"Between Two Worlds" — Neil Patrick Harris
"Return from the Other Side" — Lea Salonga, Neil Patrick Harris
"Go Big or Go Extinct" / "In the Year 2020" (Reprise) — Neil Patrick Harris, Lea Salonga, Ensemble
This week we’re coming to you live from the Shatterdome, as we review this week’s rock-‘em sock-‘em jaeger vs. kaiju adventure Pacific Rim . Does it live up to the many monster movies that inspired it? Has Guillermo del Toro made a film worth the five-year wait? Will David ever like a single blockbuster that comes out this summer?
This is not trolling bullpoo. Read on.
Yikes, The CW’s new sci-fi show The 100 looks dreadful. I can’t tell if the issue is lead Eliza Taylor or the writing. But paired together, the dialogue is nails on a chalkboard. A sample:
"97 years ago, a nuclear apocalypse killed everything on Earth, leaving the planet simmering in radiation."
"No it’s not my time!"
"No, it was my father’s!"
"They’re killing us, aren’t they? Reducing the population to make more time for the rest of you?"
"We all tested authority, one way or another."
"Stop, the air could be toxic!"
"The arc is dying."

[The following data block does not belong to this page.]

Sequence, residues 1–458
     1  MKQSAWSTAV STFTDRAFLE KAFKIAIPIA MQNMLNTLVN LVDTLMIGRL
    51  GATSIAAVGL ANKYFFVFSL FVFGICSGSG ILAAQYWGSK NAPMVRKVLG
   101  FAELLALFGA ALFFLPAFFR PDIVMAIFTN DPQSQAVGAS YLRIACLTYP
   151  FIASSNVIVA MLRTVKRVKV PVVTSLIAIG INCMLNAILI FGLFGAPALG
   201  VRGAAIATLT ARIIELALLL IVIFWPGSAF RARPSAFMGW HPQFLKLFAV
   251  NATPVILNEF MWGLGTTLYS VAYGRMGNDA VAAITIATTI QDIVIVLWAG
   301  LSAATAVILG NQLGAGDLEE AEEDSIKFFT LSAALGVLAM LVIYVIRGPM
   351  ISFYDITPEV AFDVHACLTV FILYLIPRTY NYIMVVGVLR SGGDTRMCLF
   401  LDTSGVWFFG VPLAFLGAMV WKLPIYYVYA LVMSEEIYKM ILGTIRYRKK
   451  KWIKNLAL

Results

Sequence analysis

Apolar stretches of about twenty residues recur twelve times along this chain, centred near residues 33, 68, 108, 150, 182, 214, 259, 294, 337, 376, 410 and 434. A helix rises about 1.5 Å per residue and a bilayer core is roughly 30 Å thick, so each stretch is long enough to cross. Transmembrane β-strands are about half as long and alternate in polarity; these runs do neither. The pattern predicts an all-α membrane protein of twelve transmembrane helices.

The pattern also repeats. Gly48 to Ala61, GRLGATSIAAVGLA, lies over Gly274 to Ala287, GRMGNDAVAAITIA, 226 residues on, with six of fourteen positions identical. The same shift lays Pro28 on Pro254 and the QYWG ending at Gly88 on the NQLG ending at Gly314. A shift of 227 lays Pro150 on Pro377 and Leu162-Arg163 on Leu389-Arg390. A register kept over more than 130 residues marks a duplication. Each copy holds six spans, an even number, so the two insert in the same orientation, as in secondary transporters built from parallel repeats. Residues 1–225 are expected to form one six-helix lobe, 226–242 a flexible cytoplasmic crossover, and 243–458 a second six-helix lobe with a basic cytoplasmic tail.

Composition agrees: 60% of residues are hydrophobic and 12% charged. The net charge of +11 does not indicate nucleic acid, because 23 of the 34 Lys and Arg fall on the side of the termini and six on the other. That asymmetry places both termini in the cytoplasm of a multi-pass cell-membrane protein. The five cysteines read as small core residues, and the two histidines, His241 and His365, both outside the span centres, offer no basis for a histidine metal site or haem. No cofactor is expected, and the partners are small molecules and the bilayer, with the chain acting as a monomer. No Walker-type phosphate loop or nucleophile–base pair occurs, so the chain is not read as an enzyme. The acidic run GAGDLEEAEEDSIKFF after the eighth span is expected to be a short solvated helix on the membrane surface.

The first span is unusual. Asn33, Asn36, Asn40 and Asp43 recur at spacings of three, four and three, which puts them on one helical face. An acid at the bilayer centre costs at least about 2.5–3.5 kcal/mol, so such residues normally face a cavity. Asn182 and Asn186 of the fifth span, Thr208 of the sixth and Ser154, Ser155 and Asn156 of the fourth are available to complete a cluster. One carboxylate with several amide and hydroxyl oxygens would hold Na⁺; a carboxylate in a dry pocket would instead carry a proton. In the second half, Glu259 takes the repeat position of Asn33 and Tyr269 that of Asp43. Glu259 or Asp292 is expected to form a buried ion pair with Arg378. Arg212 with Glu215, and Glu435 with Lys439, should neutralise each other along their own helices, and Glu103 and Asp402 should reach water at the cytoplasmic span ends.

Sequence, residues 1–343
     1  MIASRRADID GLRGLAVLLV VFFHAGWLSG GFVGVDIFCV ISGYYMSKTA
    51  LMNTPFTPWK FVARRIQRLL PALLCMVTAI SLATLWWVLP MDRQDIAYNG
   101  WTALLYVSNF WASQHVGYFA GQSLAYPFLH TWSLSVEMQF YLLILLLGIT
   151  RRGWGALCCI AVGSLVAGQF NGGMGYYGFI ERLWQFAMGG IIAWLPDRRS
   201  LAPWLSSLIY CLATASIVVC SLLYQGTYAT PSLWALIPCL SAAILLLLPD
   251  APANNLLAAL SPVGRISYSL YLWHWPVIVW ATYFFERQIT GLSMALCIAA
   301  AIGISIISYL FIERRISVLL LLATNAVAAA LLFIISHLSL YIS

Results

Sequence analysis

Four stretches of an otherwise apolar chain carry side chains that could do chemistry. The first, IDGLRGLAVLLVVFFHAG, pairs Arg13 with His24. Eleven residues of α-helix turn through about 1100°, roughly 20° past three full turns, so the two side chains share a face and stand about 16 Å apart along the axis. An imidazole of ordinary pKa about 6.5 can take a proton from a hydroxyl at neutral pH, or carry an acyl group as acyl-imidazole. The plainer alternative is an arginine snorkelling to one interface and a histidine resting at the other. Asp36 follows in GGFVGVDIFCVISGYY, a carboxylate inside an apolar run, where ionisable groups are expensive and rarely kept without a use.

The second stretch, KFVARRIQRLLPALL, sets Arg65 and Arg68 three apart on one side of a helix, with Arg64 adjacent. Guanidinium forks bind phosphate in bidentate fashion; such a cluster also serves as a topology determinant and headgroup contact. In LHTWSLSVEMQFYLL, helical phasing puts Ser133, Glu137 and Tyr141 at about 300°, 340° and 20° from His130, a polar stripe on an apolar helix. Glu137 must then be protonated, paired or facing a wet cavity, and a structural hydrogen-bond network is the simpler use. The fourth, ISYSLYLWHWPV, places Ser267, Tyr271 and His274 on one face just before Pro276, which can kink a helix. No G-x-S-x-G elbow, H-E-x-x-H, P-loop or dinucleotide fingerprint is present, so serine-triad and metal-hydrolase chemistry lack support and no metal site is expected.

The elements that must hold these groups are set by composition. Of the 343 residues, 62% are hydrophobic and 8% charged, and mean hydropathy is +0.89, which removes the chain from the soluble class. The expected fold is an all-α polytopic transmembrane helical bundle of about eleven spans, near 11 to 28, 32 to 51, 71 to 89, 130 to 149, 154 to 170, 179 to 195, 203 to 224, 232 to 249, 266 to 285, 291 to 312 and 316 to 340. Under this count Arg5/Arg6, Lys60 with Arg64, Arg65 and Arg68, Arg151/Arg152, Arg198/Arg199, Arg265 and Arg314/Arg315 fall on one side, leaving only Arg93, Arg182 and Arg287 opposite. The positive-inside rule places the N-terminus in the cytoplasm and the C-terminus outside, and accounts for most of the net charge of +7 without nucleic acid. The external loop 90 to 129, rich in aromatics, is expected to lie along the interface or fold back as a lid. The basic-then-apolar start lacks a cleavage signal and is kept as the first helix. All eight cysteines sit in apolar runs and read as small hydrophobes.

"We’re not alone!"
Hey! Read an elegant, expanded, and revised version of this blog post over at Vulture. Now with actual English instead of the below chicken scratch.
This is not a review of After Earth . Rather, an intriguing underlying concept.
OK, this might be semi-crazy.
As far as I can tell, Will Smith has never blatantly stated he’s a member of the Church of Scientology while being a proponent of it. He’s been open about studying it and palling around with high profile elites like Tom Cruise, but in the end, he declares himself a “student of world religion.” In the end, it doesn’t really matter — but it’s hard to dismiss Smith’s ties to L Ron Hubbard’s sci-fi-inspired belief system when its ideas are all over his new film, After Earth.
I won’t get too spoilery here, but consider this:
In After Earth, Smith’s character Cypher Raige (ha!) is a commander in a human society that fled Earth 1,000 years ago. They escaped their ecologically-ravaged homeworld to a new planet that was picture perfect… minus a race of blind aliens with a thirst for the pheromones produced by fear. Convenient! What makes Cypher special is that he’s capable of “ghosting,” the ability to abandon fear and become invisible to the aliens. As we’ve seen in the trailers, circumstances eventually take Cypher and his son Kitai (Jaden Smith) back to Earth with company — a fear-hungry alien. Kitai ends up having to cross the terrifying forest land of Earth and his biggest problem is that he’s a total pussy. He is bubbling over with fear. He’s too fucking emotional and that makes him a huge target for the alien.